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Night Landscapes by Amanda Friedman

New Post has been published on http://landscape.photogrist.com/amanda-friedman/

Night Landscapes by Amanda Friedman

Amanda Friedman is a talented photographer, who studied at New York and currently based in Los Angeles, California. She shoot a lot of travel, celebrity and lifestyle photography.

6 notes Amanda Friedman Night Landscapes

Los Intocables by Erik Ravelo

New Post has been published on http://professional.photogrist.com/erik-ravelo/

Los Intocables by Erik Ravelo

Erik Ravelo is a Cuban sculptor, painter and multi media-artist. He is currently a creative director at Fabrica, the communications agency owned by the Benetton Group in Treviso, Italy. His campaigns for Benetton include “Unhate” which featured the controversial images of world leaders kissing. He was awarded the Grand Prix at Cannes in 2012 for this series. His other projects include Lana Sutra, The Unhate Dove and the Doping Thrower. From 2007-2011 he was the Creative Director of Colors Magazine. His work has been published internationally and exhibited around the world. He was born in Havana, Cuba in 1978 and studied art there at the Accademia Nacional de Bellas Artes San Alejandro. When he was 18 he escaped Cuba to Argentina to persue his dreams of working freely as an artist.

2 notes Erik Ravelo Los Intocables

Error by Paweł Fabjański

New Post has been published on http://www.fine-art.me/pawel-fabjanski/

Error by Paweł Fabjański

On a daily basis Paweł Fabjański is an advertising photographer, represented by two photo agencies: SHOOTME (Poland) and TAKE (Italy). No matter if he works with big advertising agency or a small individual client he always serves with detailed creative supervision and the supports of creation process on each stage of project development. All the pictures presented on this website are mostly his personal series, as well as projects that have been undertaken simultaneously to commercial works.

Parallelly to being an active commercial photographer Paweł Fabjański runs a Work-Room for Professional Commercial Photography at National Film School in Łódź. His classes are a place where the idea of a commercial photography is being re-defined. Together with his students he creates a lab of a new creative photography, where the latest trends are as important as knowledge on photography’s roots and origins.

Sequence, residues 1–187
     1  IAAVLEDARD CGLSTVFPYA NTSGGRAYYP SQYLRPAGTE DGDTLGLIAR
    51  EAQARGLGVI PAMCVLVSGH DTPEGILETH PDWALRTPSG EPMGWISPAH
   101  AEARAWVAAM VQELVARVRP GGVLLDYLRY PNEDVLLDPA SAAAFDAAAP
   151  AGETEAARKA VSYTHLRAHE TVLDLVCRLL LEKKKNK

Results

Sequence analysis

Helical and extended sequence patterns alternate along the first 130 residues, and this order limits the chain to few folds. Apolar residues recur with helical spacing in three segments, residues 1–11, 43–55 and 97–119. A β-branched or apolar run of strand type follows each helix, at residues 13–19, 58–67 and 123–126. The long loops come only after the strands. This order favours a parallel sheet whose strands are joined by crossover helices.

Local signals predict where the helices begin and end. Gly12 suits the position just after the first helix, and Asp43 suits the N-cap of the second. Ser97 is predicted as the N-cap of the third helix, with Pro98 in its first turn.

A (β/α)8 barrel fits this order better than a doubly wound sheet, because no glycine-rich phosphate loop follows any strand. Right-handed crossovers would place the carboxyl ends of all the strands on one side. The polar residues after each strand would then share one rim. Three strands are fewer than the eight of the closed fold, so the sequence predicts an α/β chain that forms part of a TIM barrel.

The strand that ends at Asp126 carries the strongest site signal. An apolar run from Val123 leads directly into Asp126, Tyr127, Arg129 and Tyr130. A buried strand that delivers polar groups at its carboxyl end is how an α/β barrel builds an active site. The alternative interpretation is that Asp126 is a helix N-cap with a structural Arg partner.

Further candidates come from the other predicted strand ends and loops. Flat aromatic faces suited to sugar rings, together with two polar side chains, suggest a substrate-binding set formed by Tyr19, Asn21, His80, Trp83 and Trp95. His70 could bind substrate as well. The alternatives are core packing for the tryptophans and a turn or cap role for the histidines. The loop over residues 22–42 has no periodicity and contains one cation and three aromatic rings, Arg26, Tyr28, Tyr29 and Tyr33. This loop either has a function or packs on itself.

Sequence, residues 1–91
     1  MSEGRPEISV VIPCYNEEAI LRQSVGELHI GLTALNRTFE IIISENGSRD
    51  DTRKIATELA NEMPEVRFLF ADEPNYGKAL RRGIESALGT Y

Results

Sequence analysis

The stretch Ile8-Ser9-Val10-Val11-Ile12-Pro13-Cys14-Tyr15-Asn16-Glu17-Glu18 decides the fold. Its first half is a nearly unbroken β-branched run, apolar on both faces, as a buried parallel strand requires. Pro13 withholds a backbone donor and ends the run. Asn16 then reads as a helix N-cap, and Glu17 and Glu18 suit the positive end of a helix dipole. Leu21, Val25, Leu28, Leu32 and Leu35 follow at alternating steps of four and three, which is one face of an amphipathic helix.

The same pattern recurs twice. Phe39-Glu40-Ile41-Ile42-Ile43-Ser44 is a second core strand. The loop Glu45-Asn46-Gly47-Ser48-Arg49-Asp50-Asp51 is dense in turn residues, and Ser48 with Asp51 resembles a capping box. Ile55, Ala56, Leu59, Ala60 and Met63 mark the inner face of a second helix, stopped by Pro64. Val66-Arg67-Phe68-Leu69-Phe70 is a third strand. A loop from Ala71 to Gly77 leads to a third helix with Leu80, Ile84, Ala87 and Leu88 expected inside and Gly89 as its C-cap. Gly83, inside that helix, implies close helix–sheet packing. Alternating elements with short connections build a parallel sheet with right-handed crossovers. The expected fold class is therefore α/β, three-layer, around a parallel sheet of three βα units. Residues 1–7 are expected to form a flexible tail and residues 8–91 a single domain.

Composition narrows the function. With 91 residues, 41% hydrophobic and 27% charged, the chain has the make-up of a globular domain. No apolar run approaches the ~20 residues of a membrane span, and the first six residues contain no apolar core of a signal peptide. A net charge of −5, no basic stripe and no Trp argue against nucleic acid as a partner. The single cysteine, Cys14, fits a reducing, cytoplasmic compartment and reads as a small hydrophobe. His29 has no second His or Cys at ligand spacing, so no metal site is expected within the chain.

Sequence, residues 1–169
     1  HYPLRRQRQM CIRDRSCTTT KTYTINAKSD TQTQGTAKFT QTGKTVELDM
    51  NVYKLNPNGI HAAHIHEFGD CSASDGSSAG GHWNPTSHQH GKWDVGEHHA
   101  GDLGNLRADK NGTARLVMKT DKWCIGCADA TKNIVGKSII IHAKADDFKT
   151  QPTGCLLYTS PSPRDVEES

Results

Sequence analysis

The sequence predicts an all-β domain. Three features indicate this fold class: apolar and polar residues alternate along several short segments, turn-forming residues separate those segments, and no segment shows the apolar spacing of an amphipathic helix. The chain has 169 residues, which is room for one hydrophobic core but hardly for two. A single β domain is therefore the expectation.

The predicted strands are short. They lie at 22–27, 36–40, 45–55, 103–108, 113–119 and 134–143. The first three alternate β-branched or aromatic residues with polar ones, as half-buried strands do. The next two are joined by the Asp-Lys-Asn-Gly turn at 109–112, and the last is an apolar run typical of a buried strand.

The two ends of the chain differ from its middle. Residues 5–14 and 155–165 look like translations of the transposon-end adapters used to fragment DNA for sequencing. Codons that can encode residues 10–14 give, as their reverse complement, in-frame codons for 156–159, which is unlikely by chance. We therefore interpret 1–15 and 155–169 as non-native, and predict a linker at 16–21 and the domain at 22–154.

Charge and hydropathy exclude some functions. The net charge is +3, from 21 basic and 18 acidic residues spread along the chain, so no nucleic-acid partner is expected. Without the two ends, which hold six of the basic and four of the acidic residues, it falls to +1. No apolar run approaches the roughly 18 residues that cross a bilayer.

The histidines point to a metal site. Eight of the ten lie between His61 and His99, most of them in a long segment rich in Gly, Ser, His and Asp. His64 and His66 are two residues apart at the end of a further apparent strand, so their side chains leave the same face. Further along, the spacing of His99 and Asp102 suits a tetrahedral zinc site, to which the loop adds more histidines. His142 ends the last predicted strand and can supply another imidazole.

Error Paweł Fabjański

The Color Project by Adrien Broom

New Post has been published on http://www.fine-art.me/adrien-broom/

The Color Project by Adrien Broom

Adrien Broom is a self-taught photographer with a penchant for the bizarre and beautiful. She is committed to creating art that is exploratory, communicative and empowering to the viewer. Her photographs represent a peek into her aesthetic connection to the world around her. Her images often tell stories, exploring conversations between the natural wend and western culture through constructed narrative scenes.

Adrien’s experiences in different media have greatly shaped her approach to photography. She received her BA in 3D Computer Animation in Boston, has studied Fine Art in Florence and has studied Art History at Christie’s in London. These experiences exposed her to works that continue to influence the structure, composition and painteriy quaiity she tries to achieve in her work. She is greatly influenced by artists such as John Singer Sargent, Caravaggio and Gregory Crewdson.

Adrien’s commercial work revolves around music, fashion, editorial and portraiture, She has recently been published in: Roiling Stone, Reiix Magazine, Marie Claire, Nylon Magazine, Blender Magazine,Boston Globe, Poiistar and the New York Sun among others. W Magazine also recently named her an up-and-coming photographer to look out for.

Adrien currently resides in New Haven, CT but loves to travel the globe in search of new experiences and aesthetic moments. in her next project, she wants to explore the communion of celebratory festivals in context, focusing on how history and spontaneity intersect in beautiful array.

2 notes Adrien Broom The Color Project

Fashion Photography by Cameron Hammond

New Post has been published on http://fashion.photogrist.com/cameron-hammond/

Fashion Photography by Cameron Hammond

Cameron Hammond is a talented self taught fashion and editorial photographer based in Australia. He worked as a television cameraman and have filmed a lot of shows based around the fashion industry.

2 notes Cameron Hammond Fashion Photography

Abandoned Railways by Pierre Folk

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Abandoned Railways by Pierre Folk